In this study, we used ERP for maxillary repositioning. In cases the cut on maxilla contains ramp during surgery, it will cause many error regarding the ERP limitation, even it is noticed, preventing ramp with parallel cut lines on the articulator in the model surgery stage and maxilla during surgery will eliminate the error. The comparison of the results of maxillary repositioning, according to the technique used in this study, with the outcome methods that used ERP and IRP indicate that the previously mentioned technique showed the greater accuracy. The main reason of the high accuracy of this technique is eliminating the problems of the ramping effect; because the reference point that used in model surgery are different from that is used in the surgery if we did not consider the ramping effect the accuracy of maxillary repositioning will reduce.

The technique used in this study has very good results but like any other technique used in this field; correct patients selection, the accuracy of face bow transfer, mounting in articulator, model surgery and making splint manufacture are the major factors in the success of orthognathic surgery and any preoperative error with any of the current techniques for maxillary repositioning will result in inadequate findings.


   Conclusion Top


Good surgical accuracy in repositioning of the maxilla can be achieved according to Frankfort horizontal plane during the surgery. By eliminating the ramping effect the accuracy of surgery increases.

 
   References Top

1.Polido WD, Ellis E, 3rd, Sinn DP. An assessment of the predictability of maxillary surgery. J Oral Maxillofac Surg 1990;48:697-701.  Back to cited text no. 1
    
2.Polido WD, Ellis E 3rd, Sinn DP. An assessment of the predictability of maxillary repositioning. Int J Oral Maxillofac Surg 1991;20:349-52.  Back to cited text no. 2
[PUBMED]    
3.Stanchina R, Ellis E 3rd, Gallo WJ, Fonseca RJ. A comparison of two measures for repositioning the maxilla during orthognathic surgery. Int J Adult Orthodon Orthognath Surg 1988;3:149-54.  Back to cited text no. 3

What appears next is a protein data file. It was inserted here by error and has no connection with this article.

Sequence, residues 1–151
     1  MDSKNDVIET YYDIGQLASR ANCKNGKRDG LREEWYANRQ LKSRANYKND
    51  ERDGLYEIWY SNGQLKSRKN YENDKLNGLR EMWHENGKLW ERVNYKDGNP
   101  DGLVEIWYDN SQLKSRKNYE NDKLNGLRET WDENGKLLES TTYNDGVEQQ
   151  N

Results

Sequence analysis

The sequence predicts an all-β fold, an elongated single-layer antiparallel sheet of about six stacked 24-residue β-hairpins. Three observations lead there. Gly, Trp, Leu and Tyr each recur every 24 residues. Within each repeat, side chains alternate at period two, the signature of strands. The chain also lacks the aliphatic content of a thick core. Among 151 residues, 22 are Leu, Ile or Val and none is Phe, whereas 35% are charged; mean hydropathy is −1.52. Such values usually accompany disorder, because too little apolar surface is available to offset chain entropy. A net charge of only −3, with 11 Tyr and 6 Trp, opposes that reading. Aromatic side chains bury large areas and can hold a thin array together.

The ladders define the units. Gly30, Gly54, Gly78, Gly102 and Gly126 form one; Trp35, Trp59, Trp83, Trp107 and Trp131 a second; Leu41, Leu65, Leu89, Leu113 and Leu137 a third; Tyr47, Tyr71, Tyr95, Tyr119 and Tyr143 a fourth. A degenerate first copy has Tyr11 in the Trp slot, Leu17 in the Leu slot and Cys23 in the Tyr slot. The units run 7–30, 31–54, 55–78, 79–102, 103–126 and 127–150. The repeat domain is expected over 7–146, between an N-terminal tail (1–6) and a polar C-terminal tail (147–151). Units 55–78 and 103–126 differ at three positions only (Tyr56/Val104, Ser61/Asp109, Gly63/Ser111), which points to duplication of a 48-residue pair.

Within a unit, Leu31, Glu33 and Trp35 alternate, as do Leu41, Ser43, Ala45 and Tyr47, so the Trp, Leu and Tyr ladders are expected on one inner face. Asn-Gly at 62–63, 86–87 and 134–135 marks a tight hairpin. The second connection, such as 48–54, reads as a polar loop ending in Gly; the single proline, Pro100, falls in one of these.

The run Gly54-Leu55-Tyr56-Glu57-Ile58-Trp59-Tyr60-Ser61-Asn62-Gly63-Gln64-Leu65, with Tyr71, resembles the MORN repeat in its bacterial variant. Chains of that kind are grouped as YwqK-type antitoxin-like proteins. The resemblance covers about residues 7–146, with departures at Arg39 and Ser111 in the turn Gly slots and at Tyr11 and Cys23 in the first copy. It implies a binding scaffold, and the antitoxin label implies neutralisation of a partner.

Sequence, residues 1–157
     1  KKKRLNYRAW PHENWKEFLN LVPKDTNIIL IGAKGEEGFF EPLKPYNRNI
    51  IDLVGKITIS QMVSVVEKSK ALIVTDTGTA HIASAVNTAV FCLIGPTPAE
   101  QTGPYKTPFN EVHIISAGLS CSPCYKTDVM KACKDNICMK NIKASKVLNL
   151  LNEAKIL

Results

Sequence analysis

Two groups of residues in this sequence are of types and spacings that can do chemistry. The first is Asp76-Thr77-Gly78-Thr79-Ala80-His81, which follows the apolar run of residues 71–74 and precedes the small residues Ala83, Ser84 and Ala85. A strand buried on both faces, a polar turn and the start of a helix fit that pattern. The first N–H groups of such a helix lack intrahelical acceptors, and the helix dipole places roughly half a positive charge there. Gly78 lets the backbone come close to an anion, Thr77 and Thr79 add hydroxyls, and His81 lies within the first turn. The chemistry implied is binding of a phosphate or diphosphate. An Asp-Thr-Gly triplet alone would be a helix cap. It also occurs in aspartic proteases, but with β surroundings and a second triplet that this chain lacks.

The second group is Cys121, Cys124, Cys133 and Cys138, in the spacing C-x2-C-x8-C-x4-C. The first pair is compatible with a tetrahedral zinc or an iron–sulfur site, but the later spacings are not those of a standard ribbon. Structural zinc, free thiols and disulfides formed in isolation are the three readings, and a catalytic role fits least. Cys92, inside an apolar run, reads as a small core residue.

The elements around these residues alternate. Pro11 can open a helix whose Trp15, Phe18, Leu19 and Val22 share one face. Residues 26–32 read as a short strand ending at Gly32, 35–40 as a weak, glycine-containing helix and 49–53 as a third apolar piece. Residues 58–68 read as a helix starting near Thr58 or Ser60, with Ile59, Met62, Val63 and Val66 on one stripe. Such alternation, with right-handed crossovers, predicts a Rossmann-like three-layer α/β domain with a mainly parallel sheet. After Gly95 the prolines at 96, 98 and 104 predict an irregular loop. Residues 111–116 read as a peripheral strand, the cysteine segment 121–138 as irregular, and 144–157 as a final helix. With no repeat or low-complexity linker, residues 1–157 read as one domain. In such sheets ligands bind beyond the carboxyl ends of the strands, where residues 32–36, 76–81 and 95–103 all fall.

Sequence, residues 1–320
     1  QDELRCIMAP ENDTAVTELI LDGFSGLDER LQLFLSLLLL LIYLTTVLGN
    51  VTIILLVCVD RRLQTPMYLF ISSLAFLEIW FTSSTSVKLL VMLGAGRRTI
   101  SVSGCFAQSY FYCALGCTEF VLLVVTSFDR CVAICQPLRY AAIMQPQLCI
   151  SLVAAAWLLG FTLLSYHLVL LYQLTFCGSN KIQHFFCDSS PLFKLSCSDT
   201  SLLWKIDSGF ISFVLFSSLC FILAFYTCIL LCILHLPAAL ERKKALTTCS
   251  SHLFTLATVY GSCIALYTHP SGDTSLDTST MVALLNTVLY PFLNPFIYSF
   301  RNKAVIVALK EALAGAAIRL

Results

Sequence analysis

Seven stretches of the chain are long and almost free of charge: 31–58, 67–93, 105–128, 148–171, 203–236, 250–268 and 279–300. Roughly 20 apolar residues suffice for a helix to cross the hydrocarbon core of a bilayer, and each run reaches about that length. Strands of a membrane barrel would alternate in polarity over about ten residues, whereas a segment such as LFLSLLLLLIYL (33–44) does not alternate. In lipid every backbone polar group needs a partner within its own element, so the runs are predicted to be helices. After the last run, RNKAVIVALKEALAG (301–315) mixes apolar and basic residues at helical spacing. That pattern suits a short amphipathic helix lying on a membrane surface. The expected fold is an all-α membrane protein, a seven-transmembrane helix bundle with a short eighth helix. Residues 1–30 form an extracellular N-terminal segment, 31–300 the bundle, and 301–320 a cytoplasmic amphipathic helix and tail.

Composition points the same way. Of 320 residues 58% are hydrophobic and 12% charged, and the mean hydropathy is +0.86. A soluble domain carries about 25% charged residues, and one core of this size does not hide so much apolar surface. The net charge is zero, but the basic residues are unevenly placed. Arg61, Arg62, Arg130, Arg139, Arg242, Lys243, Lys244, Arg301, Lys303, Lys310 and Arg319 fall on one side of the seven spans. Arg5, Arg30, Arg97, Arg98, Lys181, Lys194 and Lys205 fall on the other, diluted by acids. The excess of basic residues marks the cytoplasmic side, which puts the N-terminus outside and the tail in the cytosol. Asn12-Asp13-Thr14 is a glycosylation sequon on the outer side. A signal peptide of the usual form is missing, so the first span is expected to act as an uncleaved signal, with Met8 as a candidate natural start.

[PUBMED]    
4.Fonseca R. Oral and maxillofacial surgery. 2 ed. Missouri: Saunders; 2009.  Back to cited text no. 4
    
5.Ellis E 3rd, Tharanon W, Gambrell K. Accuracy of face-bow transfer: effect on surgical prediction and postsurgical result. J Oral Maxillofac Surg 1992;50:562-7.  Back to cited text no. 5
[PUBMED]    
6.Ellis E, 3rd. Accuracy of model surgery: Evaluation of an old technique and introduction of a new one. J Oral Maxillofac Surg 1990;48:1161-7.  Back to cited text no. 6
    
7.Kwon TG, Mori Y, Minami K, Lee SH. Reproducibility of maxillary positioning in Le Fort I osteotomy: A 3-dimensional evaluation. J Oral Maxillofac Surg 2002;60:287-93.  Back to cited text no. 7
[PUBMED]    
8.Erickson K, Bell W, Oldsmith D. Analytical model surgery. In: WH Bell, editor. Modern practice in orthognathic and reconstructive surgery. Philadelphis: PA: Saunders; 1992.  Back to cited text no. 8
    
9.Van Sickels JE, Larsen AJ, Triplett RG. Predictability of maxillary surgery: A comparison of internal and external reference marks. Oral Surg Oral Med Oral Pathol 1986;61:542-5.  Back to cited text no. 9
[PUBMED]    
10.Power G, Breckon J, Sherriff M, McDonald F. Dolphin Imaging Software: An analysis of the accuracy of cephalometric digitization and orthognathic prediction. Int J Oral Maxillofac Surg 2005;34:619-26.  Back to cited text no. 10
[PUBMED]    
11.Betts NJ, Vanarsdall RL, Barber HD, Higgins-Barber K, Fonseca RJ. Diagnosis and treatment of transverse maxillary deficiency. Int J Adult Orthodon Orthognath Surg 1995;10:75-96.  Back to cited text no. 11
    

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Correspondence Address:
Dariush Hasheminia
Department of Oral and Maxillofacial Surgery, Torabinejad Dental Research Center, School of Dentistry, Isfahan University of Medical Sciences, Isfahan
Iran
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Source of Support: None, Conflict of Interest: None


DOI: 10.4103/0970-9290.118395